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Developer Accused Of Defrauding Elderly Texans Of Millions In Bogus Real Estate Investments

FRISCO, Texas (CBSDFW.COM) - Phillip Michael Carter of Frisco was arrested Tuesday, November 13 on state fraud charges.

He's accused of raising $17.5 million from nearly 100 Texas investors, many of them elderly, for real estate development projects in North Texas, announced the Texas State Securities Board in a news release Wednesday afternoon.

Phillip Michael Carter
Phillip Michael Carter

Phillip Carter and Richard Gregory Tilford of Arlington were indicted November 6 in Collin County on charges stemming from their sales of fraudulent real estate investments, primarily in the form of promissory notes, the State Securities Board said.

Tilford raised $6 million from investors.

Carter is the principal of Texas Cash Cow Investments Inc. and North Forty Development LLC. Carter and Tilford told investors their money would be used to develop commercial and residential properties.

Instead, Phillip Carter allegedly used investor funds for unrelated purposes, including paying personal expenses and satisfying a personal IRS tax lien.

The indictment alleges Carter had difficulty funding his projects. According to the indictment, in December 2016, Carter wrote a $6 million check to pay for materials and labor on several projects, but the check was returned due to insufficient funds.

In October, he borrowed $32 million from a Seattle-based private equity firm to fund ongoing construction costs for two properties. The lender holds the first lien, meaning investors are at risk of not receiving payments from the properties.

According to the indictment, Carter failed to disclose to investors that in February 2016 one of his sales agents, Bobby Eugene Guess, was served with a target letter from the U.S. Attorney's Office for the Eastern District of Texas. The letter informed Guess he was under investigation for mail fraud, money laundering, and securities fraud.

Nor did Carter tell investors that he received a similar federal target letter in May 2016.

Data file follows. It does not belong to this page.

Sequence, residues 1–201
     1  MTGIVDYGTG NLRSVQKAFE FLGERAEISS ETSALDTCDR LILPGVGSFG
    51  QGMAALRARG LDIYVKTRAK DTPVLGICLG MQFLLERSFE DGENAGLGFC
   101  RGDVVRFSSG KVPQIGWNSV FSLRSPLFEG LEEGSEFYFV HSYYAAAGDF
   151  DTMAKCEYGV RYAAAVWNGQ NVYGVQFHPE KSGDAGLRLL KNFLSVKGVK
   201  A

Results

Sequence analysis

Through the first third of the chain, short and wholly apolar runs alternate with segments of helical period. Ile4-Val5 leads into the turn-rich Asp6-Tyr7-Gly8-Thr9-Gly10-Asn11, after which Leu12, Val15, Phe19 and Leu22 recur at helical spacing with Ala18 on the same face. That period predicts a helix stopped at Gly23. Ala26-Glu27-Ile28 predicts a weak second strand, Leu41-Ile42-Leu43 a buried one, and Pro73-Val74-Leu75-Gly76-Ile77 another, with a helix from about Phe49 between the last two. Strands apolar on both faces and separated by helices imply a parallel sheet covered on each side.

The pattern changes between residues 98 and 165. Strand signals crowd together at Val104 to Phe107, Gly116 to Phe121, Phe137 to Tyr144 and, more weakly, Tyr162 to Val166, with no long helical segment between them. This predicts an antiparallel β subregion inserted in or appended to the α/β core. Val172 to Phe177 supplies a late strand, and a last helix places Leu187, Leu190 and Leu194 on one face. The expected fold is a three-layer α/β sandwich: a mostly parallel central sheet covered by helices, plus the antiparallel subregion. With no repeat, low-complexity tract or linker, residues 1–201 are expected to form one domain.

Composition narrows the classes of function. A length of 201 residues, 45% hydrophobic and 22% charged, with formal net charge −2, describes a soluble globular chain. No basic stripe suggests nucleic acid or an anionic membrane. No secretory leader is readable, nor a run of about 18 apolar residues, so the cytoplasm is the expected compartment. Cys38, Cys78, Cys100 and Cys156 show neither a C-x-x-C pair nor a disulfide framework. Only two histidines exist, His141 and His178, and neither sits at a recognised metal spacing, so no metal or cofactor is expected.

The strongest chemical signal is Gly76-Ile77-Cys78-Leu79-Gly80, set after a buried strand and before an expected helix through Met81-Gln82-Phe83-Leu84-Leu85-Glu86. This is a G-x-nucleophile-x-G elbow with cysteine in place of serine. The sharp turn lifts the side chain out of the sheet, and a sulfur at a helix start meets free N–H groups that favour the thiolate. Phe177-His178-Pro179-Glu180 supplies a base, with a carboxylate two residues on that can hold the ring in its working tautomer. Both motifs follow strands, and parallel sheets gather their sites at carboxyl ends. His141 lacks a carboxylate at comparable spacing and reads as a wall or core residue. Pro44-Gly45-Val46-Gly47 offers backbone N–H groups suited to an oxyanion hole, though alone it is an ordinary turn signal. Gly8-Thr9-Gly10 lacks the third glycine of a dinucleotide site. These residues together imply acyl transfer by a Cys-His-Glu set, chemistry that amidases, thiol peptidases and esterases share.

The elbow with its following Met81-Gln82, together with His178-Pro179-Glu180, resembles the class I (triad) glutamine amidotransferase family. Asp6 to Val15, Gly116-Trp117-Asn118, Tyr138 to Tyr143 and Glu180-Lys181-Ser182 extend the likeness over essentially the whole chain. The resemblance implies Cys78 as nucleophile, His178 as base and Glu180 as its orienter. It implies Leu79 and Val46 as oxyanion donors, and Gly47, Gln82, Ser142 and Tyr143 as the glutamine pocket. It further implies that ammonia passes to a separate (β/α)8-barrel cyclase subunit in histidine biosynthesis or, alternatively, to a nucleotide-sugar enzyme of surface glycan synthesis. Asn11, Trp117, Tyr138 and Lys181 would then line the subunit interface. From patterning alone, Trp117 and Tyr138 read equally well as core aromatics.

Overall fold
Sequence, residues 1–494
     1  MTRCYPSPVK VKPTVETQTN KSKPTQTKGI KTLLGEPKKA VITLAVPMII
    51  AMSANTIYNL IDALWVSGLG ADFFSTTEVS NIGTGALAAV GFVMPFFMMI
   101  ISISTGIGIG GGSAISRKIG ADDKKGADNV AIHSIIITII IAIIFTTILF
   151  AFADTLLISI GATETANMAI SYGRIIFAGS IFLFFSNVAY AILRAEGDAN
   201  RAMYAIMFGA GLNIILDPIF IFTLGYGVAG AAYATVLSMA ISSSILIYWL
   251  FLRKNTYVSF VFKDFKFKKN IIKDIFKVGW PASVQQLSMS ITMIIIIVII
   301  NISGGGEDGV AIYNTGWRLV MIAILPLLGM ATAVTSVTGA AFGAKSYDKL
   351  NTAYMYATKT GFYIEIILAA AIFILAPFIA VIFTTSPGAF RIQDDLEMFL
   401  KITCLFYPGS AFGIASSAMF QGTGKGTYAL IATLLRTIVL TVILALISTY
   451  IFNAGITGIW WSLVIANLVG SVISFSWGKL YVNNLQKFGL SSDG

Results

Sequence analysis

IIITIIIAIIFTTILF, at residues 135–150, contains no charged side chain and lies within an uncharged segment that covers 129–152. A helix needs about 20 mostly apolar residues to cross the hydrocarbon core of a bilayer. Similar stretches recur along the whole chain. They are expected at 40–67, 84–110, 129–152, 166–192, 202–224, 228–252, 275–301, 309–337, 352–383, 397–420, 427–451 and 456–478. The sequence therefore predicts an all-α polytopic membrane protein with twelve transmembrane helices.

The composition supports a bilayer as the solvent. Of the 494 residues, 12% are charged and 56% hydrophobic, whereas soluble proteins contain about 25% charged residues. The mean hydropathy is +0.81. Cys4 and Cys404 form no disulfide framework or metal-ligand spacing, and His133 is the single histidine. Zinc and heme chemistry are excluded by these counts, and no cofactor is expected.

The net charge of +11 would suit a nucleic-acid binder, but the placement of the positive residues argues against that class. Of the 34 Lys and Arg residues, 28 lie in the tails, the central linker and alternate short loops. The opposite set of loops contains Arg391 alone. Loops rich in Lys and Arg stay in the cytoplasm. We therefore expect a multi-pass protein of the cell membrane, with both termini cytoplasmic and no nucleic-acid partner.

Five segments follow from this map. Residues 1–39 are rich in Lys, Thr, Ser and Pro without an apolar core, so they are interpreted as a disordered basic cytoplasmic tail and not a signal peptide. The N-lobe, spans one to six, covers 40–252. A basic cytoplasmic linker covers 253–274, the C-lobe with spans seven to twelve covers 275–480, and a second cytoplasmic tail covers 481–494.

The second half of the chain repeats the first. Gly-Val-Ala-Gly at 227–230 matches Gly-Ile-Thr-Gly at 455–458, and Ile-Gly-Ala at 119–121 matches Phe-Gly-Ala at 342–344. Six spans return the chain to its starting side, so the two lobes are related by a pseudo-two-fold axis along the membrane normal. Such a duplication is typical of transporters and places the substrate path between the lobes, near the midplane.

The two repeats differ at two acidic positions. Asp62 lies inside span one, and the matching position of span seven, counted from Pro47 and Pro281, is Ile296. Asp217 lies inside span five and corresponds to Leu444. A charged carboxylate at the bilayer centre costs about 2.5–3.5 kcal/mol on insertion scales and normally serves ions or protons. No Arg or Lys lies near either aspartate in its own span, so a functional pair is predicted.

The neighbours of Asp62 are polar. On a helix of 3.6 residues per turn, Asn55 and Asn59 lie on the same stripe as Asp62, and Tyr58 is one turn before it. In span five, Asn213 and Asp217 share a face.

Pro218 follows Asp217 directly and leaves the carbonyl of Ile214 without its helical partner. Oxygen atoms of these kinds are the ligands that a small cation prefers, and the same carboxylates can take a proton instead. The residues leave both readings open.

Guess, who sold millions of dollars of promissory notes, ran into deeper trouble in August 2016. A search warrant was executed at the premises of his company, Texas First Financial, based on evidence of criminal activity. Tilford also worked at Texas First Financial.

Also in August 2016, the Texas Securities Commissioner entered an Emergency Cease and Desist Order against Guess and Texas First Financial, ordering them to halt the illegal sales of the North Forty investment program.

None of the regulatory and criminal actions involving Guess were disclosed to investors. In July 2018 Guess was sentenced to 12 years in state prison after pleading guilty to fraud in the sale of investments through Texas First Financial.

The indictments allege that Phillip Carter and Tilford raised millions of dollars after the target letters, which they did not disclose to investors, were sent to Phillip Carter and Guess.

Carter's misrepresentations extended to his personal background, according to the indictment. He falsely claimed a chemical engineering degree from the University of Virginia and falsely told investors he had worked as a project engineer for Texas Instruments.

Carter also claimed a relationship with "Rich Dad, Poor Dad" author Robert Kiyosaki. He falsely told investors that he had worked for Kiyosaki and traveled with him.

Tilford was a convicted felon even before selling the real estate development notes – a fact he concealed from investors. In the U.S. District Court for the Northern District of Texas in 2012, he pleaded guilty to failing to file a tax return and was sentenced to one year in prison.

Carter's wife, Shelley Noel Carter, was charged with money laundering and misapplying investor funds.

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